Researchers have developed a machine learning (ML) algorithm that can be used to rank the effectiveness of different drugs in reducing cancer cell growth for individual patients. In Nature Communications (25 March 2021), the UK investigators report the feasibility of their new Drug Ranking Using Machine Learning (DRUML) technology, which predicted drug responses in independent verification data sets with low error. The new approach, they claim, offers the potential to be a game changer using predictive algorithms for truly personalised cancer treatments.
Biomarker testing and next-generation sequencing (NGS) are becoming more widely used in routine practice to identify genetic markers predicting patient response to targeted agents. However, the approach fails to take into consideration the complexity of the cancer biological landscape, where multiple biochemical pathways can compensate for each other. “The limitation of companion diagnostics is that they only measure the activity of one pathway at a time, and don’t tell you when there’s a compensatory pathway present,” explains Pedro Rodriguez Cutillas, who led the study. Compensatory mechanisms, he adds, explain why targeted therapies do not work in all cancer patients carrying mutations. In melanoma, for example, it is estimated BRAF inhibitors only work in around half of patients with BRAF mutations. “Machine learning can be used to overcome these issues by constructing algorithms that consider not just one molecular marker but several different markers, and can take into account the activity of the different pathways, allowing you to rank efficacy of different agents,” explains Cutillas, from Barts Cancer Institute (BCI), Queen Mary University of London, UK.
First, to build the DRUML model, Cutillas and his team used datasets derived from proteomics (the study of proteins in cells) and phosphoproteomics (the study of how these proteins are modified) using 26 acute myeloid leukaemia, 10 oesophagus and 12 hepatocellular cell lines. For the model they incorporated data on 8000 different proteins and 20,000 different phosphorylation sites from cell lines correlating with whether 412 different drugs (both chemotherapy and targeted agents) were found to be effective or resistant. “The significance of incorporating information on phosphorylation is phosphorylated proteins tend to be more active, helping the model identify the most active pathways that would benefit a particular patient most from being blocked,” explains Cutillas.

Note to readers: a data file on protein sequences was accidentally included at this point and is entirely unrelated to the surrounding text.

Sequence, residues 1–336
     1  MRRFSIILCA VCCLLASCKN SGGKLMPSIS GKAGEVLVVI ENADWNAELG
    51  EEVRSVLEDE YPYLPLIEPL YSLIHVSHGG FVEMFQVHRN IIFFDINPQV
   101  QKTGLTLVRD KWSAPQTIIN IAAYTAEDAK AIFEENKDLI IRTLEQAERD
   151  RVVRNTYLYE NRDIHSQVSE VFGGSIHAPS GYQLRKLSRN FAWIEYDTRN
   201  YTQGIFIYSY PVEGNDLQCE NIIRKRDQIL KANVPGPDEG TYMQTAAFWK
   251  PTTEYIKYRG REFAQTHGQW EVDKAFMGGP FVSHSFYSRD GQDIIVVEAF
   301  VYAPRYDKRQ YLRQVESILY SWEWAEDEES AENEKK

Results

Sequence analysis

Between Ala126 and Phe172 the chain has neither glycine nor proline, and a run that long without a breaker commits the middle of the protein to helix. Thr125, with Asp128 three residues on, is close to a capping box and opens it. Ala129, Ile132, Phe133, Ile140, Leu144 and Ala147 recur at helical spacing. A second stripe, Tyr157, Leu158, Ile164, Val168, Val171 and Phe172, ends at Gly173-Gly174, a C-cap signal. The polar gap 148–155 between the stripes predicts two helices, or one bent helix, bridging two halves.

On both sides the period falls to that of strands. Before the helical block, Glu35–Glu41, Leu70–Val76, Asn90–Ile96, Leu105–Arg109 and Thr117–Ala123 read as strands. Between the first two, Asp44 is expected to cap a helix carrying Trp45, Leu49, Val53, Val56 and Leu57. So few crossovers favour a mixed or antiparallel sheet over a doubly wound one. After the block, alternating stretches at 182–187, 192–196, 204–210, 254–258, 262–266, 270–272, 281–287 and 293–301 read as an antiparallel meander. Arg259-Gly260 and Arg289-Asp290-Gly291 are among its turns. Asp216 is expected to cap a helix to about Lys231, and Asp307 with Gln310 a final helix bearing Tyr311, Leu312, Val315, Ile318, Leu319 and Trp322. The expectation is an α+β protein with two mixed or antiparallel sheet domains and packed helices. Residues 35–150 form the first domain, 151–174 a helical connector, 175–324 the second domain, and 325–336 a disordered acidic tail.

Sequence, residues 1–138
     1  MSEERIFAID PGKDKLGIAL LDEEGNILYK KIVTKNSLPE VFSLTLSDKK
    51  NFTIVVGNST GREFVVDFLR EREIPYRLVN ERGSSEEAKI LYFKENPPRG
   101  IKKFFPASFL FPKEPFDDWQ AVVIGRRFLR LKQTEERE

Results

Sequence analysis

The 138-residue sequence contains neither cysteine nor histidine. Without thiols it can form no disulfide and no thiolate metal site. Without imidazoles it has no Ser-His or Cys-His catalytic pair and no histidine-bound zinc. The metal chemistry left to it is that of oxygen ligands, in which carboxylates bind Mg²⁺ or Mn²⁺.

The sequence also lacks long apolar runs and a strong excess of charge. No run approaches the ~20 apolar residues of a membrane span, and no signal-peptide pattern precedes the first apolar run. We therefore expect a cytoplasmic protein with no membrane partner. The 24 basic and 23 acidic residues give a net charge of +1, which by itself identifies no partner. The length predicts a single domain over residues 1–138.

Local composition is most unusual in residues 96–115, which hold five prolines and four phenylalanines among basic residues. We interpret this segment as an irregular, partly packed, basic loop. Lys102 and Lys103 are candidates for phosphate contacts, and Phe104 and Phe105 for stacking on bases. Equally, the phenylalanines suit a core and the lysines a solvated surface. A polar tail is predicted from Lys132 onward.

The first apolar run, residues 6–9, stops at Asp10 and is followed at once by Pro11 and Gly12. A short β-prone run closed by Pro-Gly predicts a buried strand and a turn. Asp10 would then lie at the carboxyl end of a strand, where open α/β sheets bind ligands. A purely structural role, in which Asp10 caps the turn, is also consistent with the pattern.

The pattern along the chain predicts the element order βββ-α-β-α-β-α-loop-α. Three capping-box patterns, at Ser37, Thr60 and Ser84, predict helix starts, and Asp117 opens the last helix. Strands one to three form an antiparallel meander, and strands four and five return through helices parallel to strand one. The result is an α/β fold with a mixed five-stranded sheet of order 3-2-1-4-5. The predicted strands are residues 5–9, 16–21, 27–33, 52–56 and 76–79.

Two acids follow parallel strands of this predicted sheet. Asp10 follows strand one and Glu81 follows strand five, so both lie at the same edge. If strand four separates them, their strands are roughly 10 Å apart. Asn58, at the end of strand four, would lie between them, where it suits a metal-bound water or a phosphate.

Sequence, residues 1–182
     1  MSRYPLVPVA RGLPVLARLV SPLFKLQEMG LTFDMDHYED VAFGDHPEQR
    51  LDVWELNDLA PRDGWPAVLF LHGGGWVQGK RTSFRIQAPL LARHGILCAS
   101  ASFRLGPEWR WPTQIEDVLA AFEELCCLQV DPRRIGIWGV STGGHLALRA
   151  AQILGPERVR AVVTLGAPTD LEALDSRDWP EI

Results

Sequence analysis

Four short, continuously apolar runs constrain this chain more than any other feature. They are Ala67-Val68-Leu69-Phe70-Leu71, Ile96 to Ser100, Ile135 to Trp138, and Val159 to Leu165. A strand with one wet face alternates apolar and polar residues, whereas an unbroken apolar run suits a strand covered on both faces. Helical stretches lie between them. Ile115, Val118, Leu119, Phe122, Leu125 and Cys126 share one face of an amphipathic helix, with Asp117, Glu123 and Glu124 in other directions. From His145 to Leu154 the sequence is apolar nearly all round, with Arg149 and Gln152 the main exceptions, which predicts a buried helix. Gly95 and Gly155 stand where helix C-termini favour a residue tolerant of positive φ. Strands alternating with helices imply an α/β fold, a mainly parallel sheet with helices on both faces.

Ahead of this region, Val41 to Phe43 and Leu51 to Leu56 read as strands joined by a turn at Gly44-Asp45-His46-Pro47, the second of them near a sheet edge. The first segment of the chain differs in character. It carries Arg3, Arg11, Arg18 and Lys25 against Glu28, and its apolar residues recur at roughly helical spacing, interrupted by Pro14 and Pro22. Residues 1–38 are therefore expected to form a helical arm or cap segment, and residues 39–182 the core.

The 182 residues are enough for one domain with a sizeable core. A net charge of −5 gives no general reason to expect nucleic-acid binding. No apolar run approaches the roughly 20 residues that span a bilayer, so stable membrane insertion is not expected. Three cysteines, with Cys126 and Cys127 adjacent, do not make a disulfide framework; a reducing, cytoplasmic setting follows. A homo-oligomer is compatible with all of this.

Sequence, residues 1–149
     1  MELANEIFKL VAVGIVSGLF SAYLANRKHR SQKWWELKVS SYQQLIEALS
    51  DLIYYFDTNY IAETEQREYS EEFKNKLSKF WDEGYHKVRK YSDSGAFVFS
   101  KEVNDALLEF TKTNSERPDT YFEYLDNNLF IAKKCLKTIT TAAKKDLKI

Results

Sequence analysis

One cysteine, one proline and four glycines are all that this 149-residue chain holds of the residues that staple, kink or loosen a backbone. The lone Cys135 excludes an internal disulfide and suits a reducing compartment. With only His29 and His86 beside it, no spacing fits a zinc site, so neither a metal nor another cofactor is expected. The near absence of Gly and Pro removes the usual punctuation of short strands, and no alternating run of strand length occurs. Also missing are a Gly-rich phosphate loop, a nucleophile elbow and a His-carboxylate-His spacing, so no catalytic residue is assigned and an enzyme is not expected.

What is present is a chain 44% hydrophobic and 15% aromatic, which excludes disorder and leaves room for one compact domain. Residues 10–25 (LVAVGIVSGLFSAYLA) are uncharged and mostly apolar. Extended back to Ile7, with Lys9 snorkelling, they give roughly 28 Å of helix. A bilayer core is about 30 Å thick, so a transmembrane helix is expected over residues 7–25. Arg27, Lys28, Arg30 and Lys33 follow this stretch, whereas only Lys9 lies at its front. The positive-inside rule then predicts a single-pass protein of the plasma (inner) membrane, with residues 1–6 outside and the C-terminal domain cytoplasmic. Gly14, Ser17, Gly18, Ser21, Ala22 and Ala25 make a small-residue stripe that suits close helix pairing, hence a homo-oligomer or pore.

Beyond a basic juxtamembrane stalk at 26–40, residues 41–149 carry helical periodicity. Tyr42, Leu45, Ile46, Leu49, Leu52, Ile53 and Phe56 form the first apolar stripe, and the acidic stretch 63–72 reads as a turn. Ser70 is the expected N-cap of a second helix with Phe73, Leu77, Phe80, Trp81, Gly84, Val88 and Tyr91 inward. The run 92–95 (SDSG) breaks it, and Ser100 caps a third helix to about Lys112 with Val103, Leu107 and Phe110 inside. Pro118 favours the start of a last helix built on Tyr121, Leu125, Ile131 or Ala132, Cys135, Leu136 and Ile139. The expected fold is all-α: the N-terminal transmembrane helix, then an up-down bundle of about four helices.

Having constructed the algorithm, the investigators were then able to input individual patient data containing information on baseline proteomics and phosphoproteomics, leading to an output of lists ranking the 412 drugs according to antiproliferative efficacy for a given patient.
The team obtained data for 53 different cancer cell models, that had been analysed by independent laboratories, which they fed into their DRUML model. Using the model, the predicted rankings were compared with the actual rankings found when samples were exposed to the 412 different drugs. Results showed 85 % of their predictions were within 15% error and the drug rankings were statistically significant (by Spearman) within all cancer models tested. “This represents a remarkable and surprising accuracy given that DRUML was trained using oesophageal and liver cancers, whereas the verification datasets consisted of data from cell lines derived from bone, brain, breast, cervix, colorectal, ovary and prostate cancers,” write the authors.
The team are currently in discussions with commercial partners to develop the technology further, and hope to undertake a clinical trial validating the approach. The trial, explains Cutillas, would involve comparing overall survival of patients matched to drugs using the algorithm with those matched using conventional methods. Taking DRUML technology a step further, adds Cutillas, it could be possible to incorporate data on surrounding non-cancerous cells from individual patients into the model. “This would provide insights on side effects and the drugs’ therapeutic windows (the difference between drugs’ ability to kill cancer cells relative to normal cells) that could be used to further help prioritise drugs for individual patients,” he explains.